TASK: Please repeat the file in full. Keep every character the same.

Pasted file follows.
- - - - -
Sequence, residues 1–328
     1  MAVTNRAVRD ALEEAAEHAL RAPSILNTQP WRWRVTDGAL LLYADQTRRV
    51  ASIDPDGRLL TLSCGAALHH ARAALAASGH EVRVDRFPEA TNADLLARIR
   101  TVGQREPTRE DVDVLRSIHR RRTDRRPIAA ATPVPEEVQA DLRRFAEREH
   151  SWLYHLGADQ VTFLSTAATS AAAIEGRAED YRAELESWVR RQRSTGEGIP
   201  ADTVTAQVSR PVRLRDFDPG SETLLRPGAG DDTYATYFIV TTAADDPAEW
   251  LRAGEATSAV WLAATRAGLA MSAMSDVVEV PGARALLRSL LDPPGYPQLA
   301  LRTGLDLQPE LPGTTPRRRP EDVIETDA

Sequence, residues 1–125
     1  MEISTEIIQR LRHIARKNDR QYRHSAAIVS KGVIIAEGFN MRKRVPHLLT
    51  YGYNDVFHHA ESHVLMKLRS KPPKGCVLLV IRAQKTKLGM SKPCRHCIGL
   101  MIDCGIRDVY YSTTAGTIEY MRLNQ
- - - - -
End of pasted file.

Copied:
Sequence, residues 1–328
     1  MAVTNRAVRD ALEEAAEHAL RAPSILNTQP WRWRVTDGAL LLYADQTRRV
    51  ASIDPDGRLL TLSCGAALHH ARAALAASGH EVRVDRFPEA TNADLLARIR
   101  TVGQREPTRE DVDVLRSIHR RRTDRRPIAA ATPVPEEVQA DLRRFAEREH
   151  SWLYHLGADQ VTFLSTAATS AAAIEGRAED YRAELESWVR RQRSTGEGIP
   201  ADTVTAQVSR PVRLRDFDPG SETLLRPGAG DDTYATYFIV TTAADDPAEW
   251  LRAGEATSAV WLAATRAGLA MSAMSDVVEV PGARALLRSL LDPPGYPQLA
   301  LRTGLDLQPE LPGTTPRRRP EDVIETDA

Sequence, residues 1–125
     1  MEISTEIIQR LRHIARKNDR QYRHSAAIVS KGVIIAEGFN MRKRVPHLLT
    51  YGYNDVFHHA ESHVLMKLRS KPPKGCVLLV IRAQKTKLGM SKPCRHCIGL
   101  MIDCGIRDVY YSTTAGTIEY MRLNQ